In Search of Time: Productivity Tips in the Age of Tesla

Nearly everyone I talk to wrestles with the same problem: How to make the most of a 24-hour day? Even Elon Musk, modern-day inventor extraordinaire and human force behind Space X, Tesla and The Boring Companyhas been known to agonize over the time it takes to eat a meal. We all know people who through a combination of drive, geneticsor other random mystery variables, seem to accomplish more in a 24hour period than the rest of us. 

Forget about those individuals for a moment. Instead, consider the simplest, most effective tools and methods ordinary mortals like us can use to maximize the standard workday. 

A Simple List Fails No One 

Here’s a trouble-free technique to make sure tasks get done. Make a list. If you don’t, important items slip under the radar or are left to the end of the day inadvertently, and don’t get done at all. A visual list allows you to prioritize and move methodically through it, point by point, checking items off one by one or finally scrubbing out the item with a big, bold, satisfying line. A list with no items checked off is a wake-up call, a slap in the face, a signal to get moving. 

Embrace the Tomato 

The Pomodoro (Italian word for tomato) time-management method was developed in the 1980s by Italian student Francesco Cirillo with the use of a simple, mechanical, tomato-shaped kitchen timerThe technique consists of breaking the day down into increments of 25 minutes. Focus on one task for an uninterrupted 25-minute interval, known as a pomodoro, after which point a 3 to 5-minute break is taken. After four consecutive pomodorosyou are allowed to enjoy a larger break of 30 minutes. Then the process starts again with another block of 4 pomodoros. The low-tech system has gained momentum and followers and is available via a smartphone handy app.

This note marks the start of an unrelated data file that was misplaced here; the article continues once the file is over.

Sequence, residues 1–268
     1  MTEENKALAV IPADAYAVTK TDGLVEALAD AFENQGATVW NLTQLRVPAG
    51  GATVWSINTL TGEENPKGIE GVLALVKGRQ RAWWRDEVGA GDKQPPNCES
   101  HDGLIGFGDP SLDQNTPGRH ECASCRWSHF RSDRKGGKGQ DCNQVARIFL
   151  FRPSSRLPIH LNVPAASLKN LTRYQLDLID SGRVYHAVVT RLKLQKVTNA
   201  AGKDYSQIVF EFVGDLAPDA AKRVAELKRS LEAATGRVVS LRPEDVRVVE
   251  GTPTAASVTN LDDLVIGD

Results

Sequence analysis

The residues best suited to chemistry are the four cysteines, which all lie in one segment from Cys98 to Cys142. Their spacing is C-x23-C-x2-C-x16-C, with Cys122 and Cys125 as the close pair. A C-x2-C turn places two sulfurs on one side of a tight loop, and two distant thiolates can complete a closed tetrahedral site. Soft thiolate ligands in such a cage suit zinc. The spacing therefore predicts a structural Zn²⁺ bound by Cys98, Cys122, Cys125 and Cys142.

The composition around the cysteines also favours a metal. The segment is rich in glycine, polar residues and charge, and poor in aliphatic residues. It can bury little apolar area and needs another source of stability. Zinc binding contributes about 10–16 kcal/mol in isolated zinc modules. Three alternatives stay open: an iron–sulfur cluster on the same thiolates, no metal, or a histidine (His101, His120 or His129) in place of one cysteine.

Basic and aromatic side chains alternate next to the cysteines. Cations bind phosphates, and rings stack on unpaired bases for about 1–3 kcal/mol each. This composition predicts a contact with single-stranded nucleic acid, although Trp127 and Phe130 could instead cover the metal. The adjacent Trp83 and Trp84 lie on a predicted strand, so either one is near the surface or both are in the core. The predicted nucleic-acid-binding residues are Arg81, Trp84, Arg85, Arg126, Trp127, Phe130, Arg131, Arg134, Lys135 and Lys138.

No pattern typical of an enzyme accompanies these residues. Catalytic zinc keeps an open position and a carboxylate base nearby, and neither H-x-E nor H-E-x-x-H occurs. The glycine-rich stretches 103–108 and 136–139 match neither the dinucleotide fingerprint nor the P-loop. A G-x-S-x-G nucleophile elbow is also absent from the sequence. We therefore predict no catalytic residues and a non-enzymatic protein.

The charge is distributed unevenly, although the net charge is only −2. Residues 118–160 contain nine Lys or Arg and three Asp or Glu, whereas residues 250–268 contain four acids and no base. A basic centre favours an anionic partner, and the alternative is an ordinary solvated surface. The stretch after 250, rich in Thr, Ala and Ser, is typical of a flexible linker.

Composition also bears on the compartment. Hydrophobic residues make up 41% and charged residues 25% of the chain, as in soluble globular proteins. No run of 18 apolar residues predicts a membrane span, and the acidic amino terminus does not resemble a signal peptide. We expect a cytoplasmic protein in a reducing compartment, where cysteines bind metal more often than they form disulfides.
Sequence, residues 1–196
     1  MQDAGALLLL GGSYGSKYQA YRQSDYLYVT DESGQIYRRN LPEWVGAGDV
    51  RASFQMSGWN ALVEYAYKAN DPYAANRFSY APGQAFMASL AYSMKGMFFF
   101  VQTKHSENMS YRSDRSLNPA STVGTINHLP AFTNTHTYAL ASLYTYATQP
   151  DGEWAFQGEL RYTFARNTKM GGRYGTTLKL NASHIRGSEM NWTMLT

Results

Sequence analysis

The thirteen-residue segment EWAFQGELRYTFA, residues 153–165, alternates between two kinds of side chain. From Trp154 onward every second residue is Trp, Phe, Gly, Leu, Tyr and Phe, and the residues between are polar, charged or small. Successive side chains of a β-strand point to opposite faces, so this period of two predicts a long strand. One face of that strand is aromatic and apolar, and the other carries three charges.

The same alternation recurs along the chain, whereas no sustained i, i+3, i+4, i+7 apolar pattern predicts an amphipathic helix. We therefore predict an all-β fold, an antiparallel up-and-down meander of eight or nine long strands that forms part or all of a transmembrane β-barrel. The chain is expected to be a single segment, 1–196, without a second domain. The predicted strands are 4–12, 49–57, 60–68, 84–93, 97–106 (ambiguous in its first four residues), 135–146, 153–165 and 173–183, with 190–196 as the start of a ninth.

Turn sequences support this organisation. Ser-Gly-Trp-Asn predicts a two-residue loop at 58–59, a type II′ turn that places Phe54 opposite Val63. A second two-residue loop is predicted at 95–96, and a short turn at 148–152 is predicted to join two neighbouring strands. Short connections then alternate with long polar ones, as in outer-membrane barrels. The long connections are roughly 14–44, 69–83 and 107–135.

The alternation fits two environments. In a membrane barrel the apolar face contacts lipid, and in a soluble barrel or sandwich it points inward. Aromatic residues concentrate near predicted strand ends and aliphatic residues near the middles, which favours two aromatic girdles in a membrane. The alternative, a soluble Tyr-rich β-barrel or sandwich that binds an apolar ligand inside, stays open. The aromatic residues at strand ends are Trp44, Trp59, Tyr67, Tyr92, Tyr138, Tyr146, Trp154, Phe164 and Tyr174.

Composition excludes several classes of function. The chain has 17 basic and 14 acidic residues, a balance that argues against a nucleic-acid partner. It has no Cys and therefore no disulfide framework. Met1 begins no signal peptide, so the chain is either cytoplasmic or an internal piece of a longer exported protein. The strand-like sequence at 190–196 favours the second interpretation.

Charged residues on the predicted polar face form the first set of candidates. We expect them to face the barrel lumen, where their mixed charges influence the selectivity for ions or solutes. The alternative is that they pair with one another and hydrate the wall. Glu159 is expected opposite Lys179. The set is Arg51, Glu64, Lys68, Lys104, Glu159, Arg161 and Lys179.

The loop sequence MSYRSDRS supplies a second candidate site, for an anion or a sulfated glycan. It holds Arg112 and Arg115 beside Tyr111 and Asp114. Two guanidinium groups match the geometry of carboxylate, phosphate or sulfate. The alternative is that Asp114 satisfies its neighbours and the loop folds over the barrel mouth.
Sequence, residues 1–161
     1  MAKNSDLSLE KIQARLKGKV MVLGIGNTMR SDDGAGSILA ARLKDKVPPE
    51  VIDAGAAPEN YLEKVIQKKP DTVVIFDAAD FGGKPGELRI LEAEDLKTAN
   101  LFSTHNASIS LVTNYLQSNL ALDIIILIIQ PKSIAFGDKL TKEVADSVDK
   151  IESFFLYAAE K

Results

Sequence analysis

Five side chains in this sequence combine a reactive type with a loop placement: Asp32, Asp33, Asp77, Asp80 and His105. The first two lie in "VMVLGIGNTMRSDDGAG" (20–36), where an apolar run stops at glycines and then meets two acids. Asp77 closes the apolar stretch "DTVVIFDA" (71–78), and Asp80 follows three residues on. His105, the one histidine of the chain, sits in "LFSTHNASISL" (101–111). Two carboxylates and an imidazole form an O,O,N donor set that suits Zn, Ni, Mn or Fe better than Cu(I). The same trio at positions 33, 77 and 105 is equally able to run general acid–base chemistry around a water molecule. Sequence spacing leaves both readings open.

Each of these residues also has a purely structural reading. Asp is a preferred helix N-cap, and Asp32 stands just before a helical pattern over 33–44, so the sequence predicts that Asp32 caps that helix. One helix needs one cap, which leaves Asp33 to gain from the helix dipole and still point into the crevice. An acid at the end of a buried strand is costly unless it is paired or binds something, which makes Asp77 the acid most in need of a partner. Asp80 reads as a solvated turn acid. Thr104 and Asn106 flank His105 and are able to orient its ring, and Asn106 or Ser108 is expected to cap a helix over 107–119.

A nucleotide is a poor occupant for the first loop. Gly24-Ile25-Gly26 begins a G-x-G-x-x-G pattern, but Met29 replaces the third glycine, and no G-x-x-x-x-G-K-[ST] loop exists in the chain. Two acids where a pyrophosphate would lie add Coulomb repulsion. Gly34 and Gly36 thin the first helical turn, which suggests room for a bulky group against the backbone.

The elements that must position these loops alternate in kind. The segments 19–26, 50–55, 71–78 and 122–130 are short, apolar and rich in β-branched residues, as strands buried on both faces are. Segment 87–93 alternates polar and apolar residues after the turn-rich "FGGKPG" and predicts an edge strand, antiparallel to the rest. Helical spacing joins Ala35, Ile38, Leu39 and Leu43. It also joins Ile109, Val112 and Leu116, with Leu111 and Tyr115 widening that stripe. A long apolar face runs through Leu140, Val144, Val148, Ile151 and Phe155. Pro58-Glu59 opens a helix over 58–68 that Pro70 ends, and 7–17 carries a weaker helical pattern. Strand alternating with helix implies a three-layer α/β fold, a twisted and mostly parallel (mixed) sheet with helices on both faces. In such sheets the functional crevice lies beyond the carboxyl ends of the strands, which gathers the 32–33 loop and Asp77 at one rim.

Don’t Let Mind “Clutter” Hampers your Ability to Concentrate on the Stuff that Matters 

Much of what the mind churns through every second, minute and hour is irrelevant to the present moment and the project at hand. We are easily distracted into worrying about future “crises” that may never materialize or past mistakes we can do nothing about now. Ignore the voice that chatters incessantly and ultimately slows you down. Don’t let trivia and non-essential matters creep into your core work time. Turn it off. 

Avoid Multi-Tasking 

Studies show that multi-tasking not only quietly stuns brain cells, it also slows you down. Typically, people don’t finish anything at all when multi-tasking. Keep it simple: one task for one block of time. 

When Solution Needs to “Stew”, Revisit it Briefly During Off-Hours 

Maybe this point states the obvious, but time spent in the car or folding laundry is not necessarily lost work time. Consider using that time to mentally tackle a work challenge. In ten minutes or less, you can identify the points you want to cover in next week’s PowerPoint presentation or hash out the wording for a business memo. Rehearse your speech for tomorrow’s business lunchUse what would be considered “empty” time (when you tend to contemplate weighty matters like whether Tesla’s new Cybertruck should be offered in a shade of forest green) to focus and mentally work out solutions to projects that are on your plate now. Note that this is not the kind of multi-tasking that is described above and that can cause you to spin your wheels unproductivelyThis is brief and focused use of down time to consider difficult problems. 

Know What You Need to Reenergize 

If you know what you need to reenergize, do it. Stepping away from your desk to stretch, release tension and completely reboot your brain is necessary part of working productively when it countsSlow downregroup, and stay sharp.